This is a grave, poetic and horrifying account of the Holocaust which does not so much revisit the Auschwitz of the past, but the Auschwitz of Kulka's inner world. It is his own internalised city, with its own enduring horror.
GlastonburyWI to make debut appearance at Somerset festival
TV reviewIt has taken seven episodes for Game of Thrones season five to hit its stride
FilmPalme d'Or goes to radical and astonishing film that turns conventional thinking about immigrants on its head
Potter's attempt to create an Essex Taj Mahal was a lovely treattv
Arts & Ents blogs
- 1 Saudi Arabia mosque bombing: Two volunteer security guards hailed as heroes for stopping Isis suicide bomber reaching worshippers
- 2 Maisie Williams has an excellent message for one confused fan
- 3 Puerto Rico, island of lost dreams: People are leaving the debt-hit territory in droves as near neighbour Cuba's star rises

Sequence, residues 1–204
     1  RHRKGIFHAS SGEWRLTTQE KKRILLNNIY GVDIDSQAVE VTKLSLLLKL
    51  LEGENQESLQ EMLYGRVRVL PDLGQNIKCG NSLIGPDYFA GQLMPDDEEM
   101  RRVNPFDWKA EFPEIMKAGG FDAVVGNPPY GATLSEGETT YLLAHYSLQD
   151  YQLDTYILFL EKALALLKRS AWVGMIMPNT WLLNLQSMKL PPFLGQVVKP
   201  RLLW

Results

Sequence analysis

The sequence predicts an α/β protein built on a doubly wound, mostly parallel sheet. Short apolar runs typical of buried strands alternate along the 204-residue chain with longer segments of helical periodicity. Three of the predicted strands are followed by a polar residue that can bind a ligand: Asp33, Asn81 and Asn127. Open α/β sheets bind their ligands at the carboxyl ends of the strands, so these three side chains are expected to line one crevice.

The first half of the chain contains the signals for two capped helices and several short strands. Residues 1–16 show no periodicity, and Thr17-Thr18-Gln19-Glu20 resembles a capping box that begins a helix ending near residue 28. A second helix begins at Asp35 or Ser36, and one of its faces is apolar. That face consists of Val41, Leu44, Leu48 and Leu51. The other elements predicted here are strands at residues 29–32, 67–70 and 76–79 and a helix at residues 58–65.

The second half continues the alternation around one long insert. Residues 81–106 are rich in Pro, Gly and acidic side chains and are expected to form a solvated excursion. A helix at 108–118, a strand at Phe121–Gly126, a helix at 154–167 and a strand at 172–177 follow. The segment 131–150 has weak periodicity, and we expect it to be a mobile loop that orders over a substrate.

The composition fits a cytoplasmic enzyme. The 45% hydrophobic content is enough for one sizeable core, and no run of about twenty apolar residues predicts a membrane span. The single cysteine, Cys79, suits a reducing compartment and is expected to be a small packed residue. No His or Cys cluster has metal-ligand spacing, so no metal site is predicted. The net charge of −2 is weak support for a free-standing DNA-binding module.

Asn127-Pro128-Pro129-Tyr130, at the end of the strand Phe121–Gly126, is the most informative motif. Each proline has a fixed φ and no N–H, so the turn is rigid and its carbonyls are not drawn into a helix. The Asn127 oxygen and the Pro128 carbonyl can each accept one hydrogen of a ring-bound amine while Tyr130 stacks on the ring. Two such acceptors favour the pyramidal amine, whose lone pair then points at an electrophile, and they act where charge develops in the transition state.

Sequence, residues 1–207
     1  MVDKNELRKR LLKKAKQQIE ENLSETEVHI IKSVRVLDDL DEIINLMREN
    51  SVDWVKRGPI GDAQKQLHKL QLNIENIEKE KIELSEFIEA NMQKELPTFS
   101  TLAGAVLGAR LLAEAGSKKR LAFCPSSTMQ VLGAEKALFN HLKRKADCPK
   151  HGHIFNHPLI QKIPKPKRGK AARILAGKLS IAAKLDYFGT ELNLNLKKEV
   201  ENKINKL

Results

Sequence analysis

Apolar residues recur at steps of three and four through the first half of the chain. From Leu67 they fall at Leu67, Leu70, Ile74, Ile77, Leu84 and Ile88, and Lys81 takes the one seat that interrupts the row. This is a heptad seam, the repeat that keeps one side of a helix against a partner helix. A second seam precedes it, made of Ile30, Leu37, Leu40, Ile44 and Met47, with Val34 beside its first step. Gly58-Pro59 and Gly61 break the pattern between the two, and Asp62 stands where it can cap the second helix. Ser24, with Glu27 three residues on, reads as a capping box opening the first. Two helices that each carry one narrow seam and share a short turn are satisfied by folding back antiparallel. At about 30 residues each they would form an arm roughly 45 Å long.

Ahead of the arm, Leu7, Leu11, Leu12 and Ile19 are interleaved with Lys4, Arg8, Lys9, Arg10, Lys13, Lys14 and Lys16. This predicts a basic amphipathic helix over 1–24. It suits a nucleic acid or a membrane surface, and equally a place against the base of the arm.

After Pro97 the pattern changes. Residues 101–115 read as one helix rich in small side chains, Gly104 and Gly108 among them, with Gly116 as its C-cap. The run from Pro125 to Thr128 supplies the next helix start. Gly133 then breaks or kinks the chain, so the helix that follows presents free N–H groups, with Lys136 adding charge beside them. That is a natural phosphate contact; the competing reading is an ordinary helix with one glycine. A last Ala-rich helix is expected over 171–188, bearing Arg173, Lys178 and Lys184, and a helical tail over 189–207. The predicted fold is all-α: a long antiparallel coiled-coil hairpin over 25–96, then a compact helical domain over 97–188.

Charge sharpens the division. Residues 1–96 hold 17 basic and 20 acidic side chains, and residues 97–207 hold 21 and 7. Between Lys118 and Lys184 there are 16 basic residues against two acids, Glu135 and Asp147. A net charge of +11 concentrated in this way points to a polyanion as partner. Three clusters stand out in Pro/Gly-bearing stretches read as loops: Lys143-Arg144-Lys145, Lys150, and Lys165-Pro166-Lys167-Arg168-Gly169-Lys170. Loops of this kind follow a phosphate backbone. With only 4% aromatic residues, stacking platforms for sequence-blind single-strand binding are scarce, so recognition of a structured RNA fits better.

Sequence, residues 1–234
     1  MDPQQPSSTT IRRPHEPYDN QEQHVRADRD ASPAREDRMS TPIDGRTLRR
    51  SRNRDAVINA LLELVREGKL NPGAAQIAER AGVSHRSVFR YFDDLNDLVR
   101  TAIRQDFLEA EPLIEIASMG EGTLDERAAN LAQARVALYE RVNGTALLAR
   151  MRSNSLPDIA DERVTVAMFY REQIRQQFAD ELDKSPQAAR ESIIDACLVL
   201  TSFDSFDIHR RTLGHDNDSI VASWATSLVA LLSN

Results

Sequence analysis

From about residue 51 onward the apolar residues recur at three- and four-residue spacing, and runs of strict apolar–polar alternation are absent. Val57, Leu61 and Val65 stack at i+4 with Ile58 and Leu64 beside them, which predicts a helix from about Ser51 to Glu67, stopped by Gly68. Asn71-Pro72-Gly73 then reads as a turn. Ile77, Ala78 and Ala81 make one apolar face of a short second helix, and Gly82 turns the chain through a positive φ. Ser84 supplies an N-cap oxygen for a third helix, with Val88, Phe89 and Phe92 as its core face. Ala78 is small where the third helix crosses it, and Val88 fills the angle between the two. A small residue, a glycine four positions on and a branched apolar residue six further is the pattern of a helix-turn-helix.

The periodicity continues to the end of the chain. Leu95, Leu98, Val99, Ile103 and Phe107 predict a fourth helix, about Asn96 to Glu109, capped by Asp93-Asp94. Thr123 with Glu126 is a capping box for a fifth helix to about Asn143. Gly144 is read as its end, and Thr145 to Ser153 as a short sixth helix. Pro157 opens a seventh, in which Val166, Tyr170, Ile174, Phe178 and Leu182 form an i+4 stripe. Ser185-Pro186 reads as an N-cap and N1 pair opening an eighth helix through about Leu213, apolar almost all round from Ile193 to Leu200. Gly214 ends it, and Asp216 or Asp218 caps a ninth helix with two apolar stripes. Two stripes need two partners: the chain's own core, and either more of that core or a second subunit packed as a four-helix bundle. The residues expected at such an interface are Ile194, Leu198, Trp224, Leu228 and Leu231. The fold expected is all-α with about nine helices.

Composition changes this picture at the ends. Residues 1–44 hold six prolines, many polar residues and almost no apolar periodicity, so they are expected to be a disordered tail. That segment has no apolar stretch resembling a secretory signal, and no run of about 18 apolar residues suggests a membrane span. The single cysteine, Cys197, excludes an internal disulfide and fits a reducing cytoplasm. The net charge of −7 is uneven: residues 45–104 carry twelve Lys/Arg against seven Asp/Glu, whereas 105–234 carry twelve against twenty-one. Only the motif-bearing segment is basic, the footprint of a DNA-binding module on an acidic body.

- 4 Tampon tax scrapped in Canada after petition convinces conservative government
- 5 Kate Moss on the naked Calvin Klein shoot and the obsession that ended her relationship
Jay Z's Tidal could be about to lose Beyonce's music in ultimate humiliation
Britain's Got Talent 2015: Jamie Raven divides Twitter as fans expose mind-boggling magic trick
ASAP Rocky gives nauseating response to explicit Rita Ora rap: 'I'm not saying she's a terrible person'
Big Brother 2015 new housemates: Simon Gross returns as stripper Marc O'Neill, model Harry Amelia Martin and X Factor reject Sam Kay join
Burning Man festival revellers accidentally torch prehistoric artefacts in Israel
EU referendum: David Cameron's rules are a 'democratic disgrace', says French-born Scottish politician set to be denied a vote
British tourists complain that impoverished boat migrants are making holidays 'awkward' in Kos
A nation of inequality: How the UK is failing to feed its most vulnerable people
Australian man punched in the face for defending Muslim women from abuse on train
David Starkey 'tells Amal Clooney to shut up and stop over-promoting human rights'
EU referendum: David Cameron to deny EU migrants and under-18s the chance to vote